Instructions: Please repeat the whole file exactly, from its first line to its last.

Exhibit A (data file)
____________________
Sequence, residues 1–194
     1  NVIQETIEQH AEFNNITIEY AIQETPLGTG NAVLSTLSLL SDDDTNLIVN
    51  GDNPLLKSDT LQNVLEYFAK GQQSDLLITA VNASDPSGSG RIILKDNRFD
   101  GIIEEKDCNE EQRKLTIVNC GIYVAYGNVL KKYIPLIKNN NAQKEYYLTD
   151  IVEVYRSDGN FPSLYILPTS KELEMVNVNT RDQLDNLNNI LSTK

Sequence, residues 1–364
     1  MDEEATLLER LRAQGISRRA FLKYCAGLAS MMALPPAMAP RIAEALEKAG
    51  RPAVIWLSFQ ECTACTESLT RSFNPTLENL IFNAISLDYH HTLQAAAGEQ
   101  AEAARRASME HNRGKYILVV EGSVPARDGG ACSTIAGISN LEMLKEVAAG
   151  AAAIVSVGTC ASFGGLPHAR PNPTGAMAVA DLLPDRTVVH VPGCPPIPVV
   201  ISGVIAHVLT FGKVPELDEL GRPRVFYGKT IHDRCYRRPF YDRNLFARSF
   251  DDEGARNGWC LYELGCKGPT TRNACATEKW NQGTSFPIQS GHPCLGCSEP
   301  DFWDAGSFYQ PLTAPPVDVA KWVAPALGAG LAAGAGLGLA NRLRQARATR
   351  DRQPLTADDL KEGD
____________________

Sequence, residues 1–194
     1  NVIQETIEQH AEFNNITIEY AIQETPLGTG NAVLSTLSLL SDDDTNLIVN
    51  GDNPLLKSDT LQNVLEYFAK GQQSDLLITA VNASDPSGSG RIILKDNRFD
   101  GIIEEKDCNE EQRKLTIVNC GIYVAYGNVL KKYIPLIKNN NAQKEYYLTD
   151  IVEVYRSDGN FPSLYILPTS KELEMVNVNT RDQLDNLNNI LSTK

Sequence, residues 1–364
     1  MDEEATLLER LRAQGISRRA FLKYCAGLAS MMALPPAMAP RIAEALEKAG
    51  RPAVIWLSFQ ECTACTESLT RSFNPTLENL IFNAISLDYH HTLQAAAGEQ
   101  AEAARRASME HNRGKYILVV EGSVPARDGG ACSTIAGISN LEMLKEVAAG
   151  AAAIVSVGTC ASFGGLPHAR PNPTGAMAVA DLLPDRTVVH VPGCPPIPVV
   201  ISGVIAHVLT FGKVPELDEL GRPRVFYGKT IHDRCYRRPF YDRNLFARSF
   251  DDEGARNGWC LYELGCKGPT TRNACATEKW NQGTSFPIQS GHPCLGCSEP
   301  DFWDAGSFYQ PLTAPPVDVA KWVAPALGAG LAAGAGLGLA NRLRQARATR
   351  DRQPLTADDL KEGD